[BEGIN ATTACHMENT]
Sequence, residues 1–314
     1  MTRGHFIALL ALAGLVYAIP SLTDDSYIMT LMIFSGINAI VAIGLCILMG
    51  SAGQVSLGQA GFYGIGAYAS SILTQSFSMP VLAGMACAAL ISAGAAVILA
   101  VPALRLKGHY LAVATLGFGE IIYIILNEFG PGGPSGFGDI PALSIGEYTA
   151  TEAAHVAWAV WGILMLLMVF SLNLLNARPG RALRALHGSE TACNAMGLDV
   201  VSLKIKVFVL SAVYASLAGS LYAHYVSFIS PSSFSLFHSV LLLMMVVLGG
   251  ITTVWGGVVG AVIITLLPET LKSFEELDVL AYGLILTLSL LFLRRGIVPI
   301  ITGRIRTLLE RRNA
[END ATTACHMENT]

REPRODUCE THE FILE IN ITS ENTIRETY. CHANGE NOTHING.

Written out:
Sequence, residues 1–314
     1  MTRGHFIALL ALAGLVYAIP SLTDDSYIMT LMIFSGINAI VAIGLCILMG
    51  SAGQVSLGQA GFYGIGAYAS SILTQSFSMP VLAGMACAAL ISAGAAVILA
   101  VPALRLKGHY LAVATLGFGE IIYIILNEFG PGGPSGFGDI PALSIGEYTA
   151  TEAAHVAWAV WGILMLLMVF SLNLLNARPG RALRALHGSE TACNAMGLDV
   201  VSLKIKVFVL SAVYASLAGS LYAHYVSFIS PSSFSLFHSV LLLMMVVLGG
   251  ITTVWGGVVG AVIITLLPET LKSFEELDVL AYGLILTLSL LFLRRGIVPI
   301  ITGRIRTLLE RRNA